Kink.com

Just a quick note today, really. I’ve been seeing this article posted around in prohibitionist spaces for the last couple of days, and I have to say – I’m genuinely surprised. The headline is, “Is Porn Darling Kink.com Ripping Off Its Webcam Girls?”, and the article details how, “Maxine Holloway, a local artist, activist, and adult performer, is alleging that she was fired from KinkLive last month when she tried to organize her fellow performers in opposition to changes in the payment policy that would eliminate minimum payments for each shift in favor of a commission-only plan. The new plan, according to Holloway and her supporters, would amount to a drastic reduction in wages for most of KinkLive’s performers.”

Takings are down, and Kink.com is looking at reducing costs (presumably while safeguarding profit) by cutting worker’s wages. So far, so familiar.  But, I mean – so familiar. Don’t we call this ‘capitalism’? Don’t get me wrong: what Kink.com are up to looks disgraceful. But I’m genuinely surprised that prohibitionists think that this somehow supports their argument, given that the performers interviewed in the piece are clearly not tragic, agency-free victims: the whole point of the article is that they are fighting back against unfair working conditions.

Yes, unfair working conditions exist, but do these feminists think that the existence of workfare in Tesco means that both the sale and purchase of groceries is intrinsically exploitative and should be outlawed? What I’m getting from this article is that Kink.com is a capitalist employer like any other – with employees who are assertive, unafraid, and even somewhat committed to the success of the company. (‘At the same time, [activist and employee] Aorta is not unsympathetic to the financial woes of KinkLive. “It’s my goal to see a compromise between the models and Kink.com in which everyone’s making money, KinkLive is able to continue operating, and they treat us with respect. I would love to keep working with them …”‘)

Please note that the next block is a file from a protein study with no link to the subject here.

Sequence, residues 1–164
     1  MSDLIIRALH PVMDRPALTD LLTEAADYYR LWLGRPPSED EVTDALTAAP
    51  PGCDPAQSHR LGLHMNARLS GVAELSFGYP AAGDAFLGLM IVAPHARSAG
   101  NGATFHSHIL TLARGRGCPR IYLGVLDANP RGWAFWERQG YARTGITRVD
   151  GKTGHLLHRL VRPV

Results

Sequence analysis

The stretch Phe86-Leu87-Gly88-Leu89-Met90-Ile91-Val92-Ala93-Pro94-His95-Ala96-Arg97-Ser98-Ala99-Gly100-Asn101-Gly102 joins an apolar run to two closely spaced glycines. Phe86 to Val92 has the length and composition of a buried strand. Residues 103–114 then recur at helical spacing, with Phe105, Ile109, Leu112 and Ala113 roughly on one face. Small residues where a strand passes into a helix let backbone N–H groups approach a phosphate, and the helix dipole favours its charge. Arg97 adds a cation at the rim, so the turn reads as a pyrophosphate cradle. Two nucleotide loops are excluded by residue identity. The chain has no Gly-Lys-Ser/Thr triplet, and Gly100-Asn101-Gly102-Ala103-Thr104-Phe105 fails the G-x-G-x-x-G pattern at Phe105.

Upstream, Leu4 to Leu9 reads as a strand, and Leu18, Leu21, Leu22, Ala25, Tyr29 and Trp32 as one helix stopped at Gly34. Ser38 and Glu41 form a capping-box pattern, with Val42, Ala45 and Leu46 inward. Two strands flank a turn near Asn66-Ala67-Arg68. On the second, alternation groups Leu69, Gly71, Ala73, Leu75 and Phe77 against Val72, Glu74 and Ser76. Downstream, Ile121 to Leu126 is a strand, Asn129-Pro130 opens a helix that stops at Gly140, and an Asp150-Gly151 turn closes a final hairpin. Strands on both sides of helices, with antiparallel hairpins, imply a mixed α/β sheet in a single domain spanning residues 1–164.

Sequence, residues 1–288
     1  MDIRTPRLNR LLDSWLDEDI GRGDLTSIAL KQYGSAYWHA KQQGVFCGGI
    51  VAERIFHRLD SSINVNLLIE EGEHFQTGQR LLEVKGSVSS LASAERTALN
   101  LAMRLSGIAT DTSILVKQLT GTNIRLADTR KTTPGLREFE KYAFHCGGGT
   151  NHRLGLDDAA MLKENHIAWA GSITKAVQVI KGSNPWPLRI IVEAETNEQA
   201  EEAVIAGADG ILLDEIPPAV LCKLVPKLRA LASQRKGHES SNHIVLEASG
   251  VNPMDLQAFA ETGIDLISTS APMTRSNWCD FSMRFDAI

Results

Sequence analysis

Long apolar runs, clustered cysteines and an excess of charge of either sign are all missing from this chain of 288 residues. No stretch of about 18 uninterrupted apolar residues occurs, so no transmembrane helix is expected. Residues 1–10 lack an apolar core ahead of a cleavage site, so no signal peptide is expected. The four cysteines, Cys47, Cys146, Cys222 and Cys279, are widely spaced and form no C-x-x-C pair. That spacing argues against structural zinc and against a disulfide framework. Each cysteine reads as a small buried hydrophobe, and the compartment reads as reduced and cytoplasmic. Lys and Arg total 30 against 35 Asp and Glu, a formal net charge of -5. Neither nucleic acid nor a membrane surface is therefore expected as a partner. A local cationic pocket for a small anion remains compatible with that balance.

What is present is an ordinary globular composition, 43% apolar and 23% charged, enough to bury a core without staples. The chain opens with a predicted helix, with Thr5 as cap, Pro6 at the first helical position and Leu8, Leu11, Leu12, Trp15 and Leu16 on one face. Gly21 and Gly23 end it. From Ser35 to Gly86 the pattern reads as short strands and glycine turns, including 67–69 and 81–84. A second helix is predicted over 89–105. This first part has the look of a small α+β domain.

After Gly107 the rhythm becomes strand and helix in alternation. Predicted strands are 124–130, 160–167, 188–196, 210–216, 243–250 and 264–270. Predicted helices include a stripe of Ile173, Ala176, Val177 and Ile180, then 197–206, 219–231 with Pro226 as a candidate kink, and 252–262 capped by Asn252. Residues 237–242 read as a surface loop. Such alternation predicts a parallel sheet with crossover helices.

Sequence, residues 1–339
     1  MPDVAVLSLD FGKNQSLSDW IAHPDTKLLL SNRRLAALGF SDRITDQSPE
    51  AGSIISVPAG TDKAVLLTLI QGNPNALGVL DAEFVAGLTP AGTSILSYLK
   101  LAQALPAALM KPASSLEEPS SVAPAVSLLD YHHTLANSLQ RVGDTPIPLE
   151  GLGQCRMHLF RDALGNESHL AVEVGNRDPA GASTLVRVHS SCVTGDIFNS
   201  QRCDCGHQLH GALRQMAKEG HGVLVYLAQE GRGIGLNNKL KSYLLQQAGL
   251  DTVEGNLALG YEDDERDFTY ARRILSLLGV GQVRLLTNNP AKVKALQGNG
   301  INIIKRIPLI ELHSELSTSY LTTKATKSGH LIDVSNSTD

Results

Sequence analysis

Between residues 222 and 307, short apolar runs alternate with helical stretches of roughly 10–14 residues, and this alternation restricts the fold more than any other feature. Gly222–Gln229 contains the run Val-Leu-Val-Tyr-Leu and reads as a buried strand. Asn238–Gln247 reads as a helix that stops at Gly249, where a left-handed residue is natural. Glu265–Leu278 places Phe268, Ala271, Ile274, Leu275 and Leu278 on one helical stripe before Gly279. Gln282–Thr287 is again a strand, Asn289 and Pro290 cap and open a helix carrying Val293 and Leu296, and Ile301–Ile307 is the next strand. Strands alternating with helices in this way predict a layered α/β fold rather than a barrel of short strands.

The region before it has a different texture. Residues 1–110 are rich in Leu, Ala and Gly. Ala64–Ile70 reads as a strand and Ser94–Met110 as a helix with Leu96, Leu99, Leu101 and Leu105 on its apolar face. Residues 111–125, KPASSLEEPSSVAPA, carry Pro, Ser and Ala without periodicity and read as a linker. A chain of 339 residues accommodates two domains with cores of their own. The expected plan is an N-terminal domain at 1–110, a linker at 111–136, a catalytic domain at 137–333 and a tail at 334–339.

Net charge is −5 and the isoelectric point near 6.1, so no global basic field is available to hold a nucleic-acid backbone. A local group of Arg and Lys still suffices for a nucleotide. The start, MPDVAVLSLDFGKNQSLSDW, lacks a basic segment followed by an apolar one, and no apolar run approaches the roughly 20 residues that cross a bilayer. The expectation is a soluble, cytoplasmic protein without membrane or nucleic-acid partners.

As I say, I am genuinely surprised. How does an article (legitimately) critical of fractious industrial relations at Kink.com somehow fit into an analysis whereby all sex work is always already “commercial sexual exploitation”? You’d think they’d see the inconsistency. It’s as if the prohibitionist world-view has room for only two categories, “good (yay)” and “bad (boo)”, and because this article is critical, it must mean “bad (boo)”. Well, the world needs a more finely textured analysis than that – which is, yes, I know, a frankly amazing statement to have to make to anyone who has graduated from middle school. Ideology can do funny things to people, apparently.

… I probably shouldn’t even bother to point this stuff out, but y’know. Sometimes the attraction of shooting fish in a barrel becomes overwhelming. Now to go for a run.

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One thought on “Kink.com

  1. Pingback: Further (s)case study. | A Glasgow Sex Worker

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